Oh God, creator of the universe, forgive me when I criticize your handiwork. Help me to have confidence in who I am, not out of boastfulness, but because I know you lovingly made me as you wanted me and you are pleased with your work.
“Tomorrow is the first blank page of a 365-page book. Write a good one.” Brad Paisley
Have you ever watched the potter at work? He centers a lump of clay on the wheel, creates a small indention in the middle, then pours water over the clay. As the wheel spins, his hands deftly shape the clay until he has created his pot in the exact shape he wants.
In scripture God is compared to a potter. Can you see Him at work, creating with clay, molding and shaping each vessel until it is the perfect shape and size? Each of us is carefully, lovingly, uniquely formed by our Lord’s hands.
Unfortunately, in our human perceptions, we view ourselves, the vessels He is shaping, and wish we were different. “Perhaps a different shape or size would be better,” we think, or we wish to use this pot for a different purpose. We constantly resist His hands, molding us to His will. But God, in His wisdom, knows what He is doing, and our wishes to change illustrate how we doubt His wisdom. Still, we constantly try to “correct” what God has made.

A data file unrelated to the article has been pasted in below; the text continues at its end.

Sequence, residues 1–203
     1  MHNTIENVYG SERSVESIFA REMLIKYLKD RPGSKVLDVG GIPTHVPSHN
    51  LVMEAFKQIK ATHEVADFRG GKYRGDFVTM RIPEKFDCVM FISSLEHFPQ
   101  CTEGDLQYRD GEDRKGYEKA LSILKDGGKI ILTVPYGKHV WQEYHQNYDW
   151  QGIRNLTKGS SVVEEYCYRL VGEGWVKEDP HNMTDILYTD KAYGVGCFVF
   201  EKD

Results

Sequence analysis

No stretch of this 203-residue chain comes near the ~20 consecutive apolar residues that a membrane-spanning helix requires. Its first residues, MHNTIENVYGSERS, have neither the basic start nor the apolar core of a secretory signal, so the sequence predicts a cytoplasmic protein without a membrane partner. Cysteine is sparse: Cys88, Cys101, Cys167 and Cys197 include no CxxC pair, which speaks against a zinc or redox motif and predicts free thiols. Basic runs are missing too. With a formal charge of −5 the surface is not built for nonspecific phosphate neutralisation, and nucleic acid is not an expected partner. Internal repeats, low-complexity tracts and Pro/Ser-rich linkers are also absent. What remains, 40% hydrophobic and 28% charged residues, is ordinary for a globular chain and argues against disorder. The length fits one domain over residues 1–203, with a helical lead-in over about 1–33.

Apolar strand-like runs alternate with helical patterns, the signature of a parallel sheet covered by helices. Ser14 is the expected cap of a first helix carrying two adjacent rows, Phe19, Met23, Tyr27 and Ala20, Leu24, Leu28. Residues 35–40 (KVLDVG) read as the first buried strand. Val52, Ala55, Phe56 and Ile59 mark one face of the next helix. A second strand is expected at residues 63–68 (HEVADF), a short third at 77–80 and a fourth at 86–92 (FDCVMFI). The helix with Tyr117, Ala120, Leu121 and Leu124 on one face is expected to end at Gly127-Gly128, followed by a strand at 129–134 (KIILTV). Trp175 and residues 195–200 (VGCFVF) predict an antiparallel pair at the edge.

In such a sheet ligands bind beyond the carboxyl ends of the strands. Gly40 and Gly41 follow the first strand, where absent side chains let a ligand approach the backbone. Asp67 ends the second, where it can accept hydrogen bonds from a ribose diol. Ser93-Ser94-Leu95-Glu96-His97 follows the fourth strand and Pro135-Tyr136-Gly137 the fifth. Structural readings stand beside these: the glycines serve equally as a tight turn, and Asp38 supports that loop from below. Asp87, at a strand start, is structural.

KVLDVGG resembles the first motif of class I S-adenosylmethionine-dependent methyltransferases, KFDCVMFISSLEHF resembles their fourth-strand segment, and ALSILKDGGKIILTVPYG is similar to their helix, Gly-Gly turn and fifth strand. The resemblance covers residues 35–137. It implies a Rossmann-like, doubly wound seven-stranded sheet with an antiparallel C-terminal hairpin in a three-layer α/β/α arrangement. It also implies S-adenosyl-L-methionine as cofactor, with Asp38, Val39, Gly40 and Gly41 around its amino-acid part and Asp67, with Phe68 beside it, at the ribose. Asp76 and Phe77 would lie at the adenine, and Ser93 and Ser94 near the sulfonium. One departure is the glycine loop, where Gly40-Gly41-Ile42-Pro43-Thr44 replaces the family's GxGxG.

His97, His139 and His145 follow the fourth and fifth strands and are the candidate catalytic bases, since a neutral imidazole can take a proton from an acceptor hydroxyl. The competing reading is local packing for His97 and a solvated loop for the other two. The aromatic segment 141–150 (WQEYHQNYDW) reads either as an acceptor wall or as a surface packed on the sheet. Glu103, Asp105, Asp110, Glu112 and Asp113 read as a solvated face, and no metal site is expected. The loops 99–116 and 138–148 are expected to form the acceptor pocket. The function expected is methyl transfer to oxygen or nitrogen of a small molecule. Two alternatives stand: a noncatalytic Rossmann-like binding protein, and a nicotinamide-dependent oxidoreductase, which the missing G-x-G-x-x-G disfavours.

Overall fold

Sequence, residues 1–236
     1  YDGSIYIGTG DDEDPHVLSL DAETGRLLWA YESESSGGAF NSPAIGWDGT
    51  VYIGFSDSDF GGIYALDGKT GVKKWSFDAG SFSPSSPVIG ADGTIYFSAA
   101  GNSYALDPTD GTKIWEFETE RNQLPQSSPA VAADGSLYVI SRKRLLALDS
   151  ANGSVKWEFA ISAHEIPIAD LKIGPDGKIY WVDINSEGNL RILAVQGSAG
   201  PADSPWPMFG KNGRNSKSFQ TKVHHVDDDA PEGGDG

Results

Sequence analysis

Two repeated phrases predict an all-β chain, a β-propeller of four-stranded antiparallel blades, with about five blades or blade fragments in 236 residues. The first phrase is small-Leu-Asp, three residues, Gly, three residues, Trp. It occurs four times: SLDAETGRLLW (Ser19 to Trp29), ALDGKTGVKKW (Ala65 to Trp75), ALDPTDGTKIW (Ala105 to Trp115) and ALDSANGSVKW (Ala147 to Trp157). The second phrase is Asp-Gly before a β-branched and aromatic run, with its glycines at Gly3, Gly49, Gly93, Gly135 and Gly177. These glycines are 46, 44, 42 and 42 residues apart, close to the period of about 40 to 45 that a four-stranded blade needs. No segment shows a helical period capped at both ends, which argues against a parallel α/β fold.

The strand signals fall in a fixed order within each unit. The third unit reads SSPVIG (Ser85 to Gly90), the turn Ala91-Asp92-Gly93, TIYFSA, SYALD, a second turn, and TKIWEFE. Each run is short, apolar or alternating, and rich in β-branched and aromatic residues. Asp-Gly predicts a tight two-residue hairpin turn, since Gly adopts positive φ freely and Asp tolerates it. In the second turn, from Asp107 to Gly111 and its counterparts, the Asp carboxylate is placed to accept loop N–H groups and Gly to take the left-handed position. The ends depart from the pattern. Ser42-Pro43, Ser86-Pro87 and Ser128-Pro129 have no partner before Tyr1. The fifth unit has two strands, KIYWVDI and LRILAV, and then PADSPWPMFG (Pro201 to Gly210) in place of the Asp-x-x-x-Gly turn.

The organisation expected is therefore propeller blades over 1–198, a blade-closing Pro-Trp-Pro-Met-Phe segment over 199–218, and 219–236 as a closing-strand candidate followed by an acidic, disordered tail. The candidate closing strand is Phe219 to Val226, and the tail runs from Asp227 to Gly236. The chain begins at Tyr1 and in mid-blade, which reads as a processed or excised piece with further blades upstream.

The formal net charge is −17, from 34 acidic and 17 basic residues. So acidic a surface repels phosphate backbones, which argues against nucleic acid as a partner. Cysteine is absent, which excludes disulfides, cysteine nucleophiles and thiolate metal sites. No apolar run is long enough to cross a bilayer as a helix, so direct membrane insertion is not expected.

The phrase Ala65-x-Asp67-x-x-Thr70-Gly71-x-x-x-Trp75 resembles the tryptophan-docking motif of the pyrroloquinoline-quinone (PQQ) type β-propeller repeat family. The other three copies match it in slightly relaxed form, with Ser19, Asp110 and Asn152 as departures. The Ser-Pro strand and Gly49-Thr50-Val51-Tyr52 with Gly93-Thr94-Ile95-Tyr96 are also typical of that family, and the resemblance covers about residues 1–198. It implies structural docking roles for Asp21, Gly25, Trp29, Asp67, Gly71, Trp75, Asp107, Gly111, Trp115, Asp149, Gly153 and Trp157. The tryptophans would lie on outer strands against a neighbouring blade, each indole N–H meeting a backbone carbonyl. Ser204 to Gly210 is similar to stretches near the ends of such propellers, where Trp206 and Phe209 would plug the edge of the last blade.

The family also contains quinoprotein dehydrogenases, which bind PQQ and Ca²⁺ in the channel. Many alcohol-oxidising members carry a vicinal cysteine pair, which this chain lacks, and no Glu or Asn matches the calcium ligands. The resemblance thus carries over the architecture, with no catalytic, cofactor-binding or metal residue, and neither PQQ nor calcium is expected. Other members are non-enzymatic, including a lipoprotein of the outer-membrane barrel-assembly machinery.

At times we look at others, too, and wish to change them. “If this pot were just a little wider,” we mistakenly think, “it could be used for a different purpose. If this pot had a slightly different shape, it would be beautiful.” And we try to change that vessel into the image we have for it. When we do that, we doubt God’s wisdom; we doubt His handiwork. The clay never dictates to the potter what shape it should be; neither does it tell the potter how to shape other pots.
God created the world in seven days, yet He constantly refines and perfects each of us. Can you see Him at His wheel? He pauses a moment at His work, steps back, looks, and says, “It is good.”
Father, make me aware of your hand in my life, shaping and molding me into your image. Help me to yield to Your hand and to Your judgment of the size, shape, and purpose for me and for each of Your precious vessels.
Isaiah 64:8: (NKJ): “Yet, O Lord, You are our Father; We are the clay, You are the potter we are all the work of are Your hand
“I believe that appreciation is a holy thing–that when we look for what’s best in a person we happen to be with at the moment–we’re doing what God does all the time. So in loving and appreciating our neighbors, we’re participating in something sacred.” Fred Rogers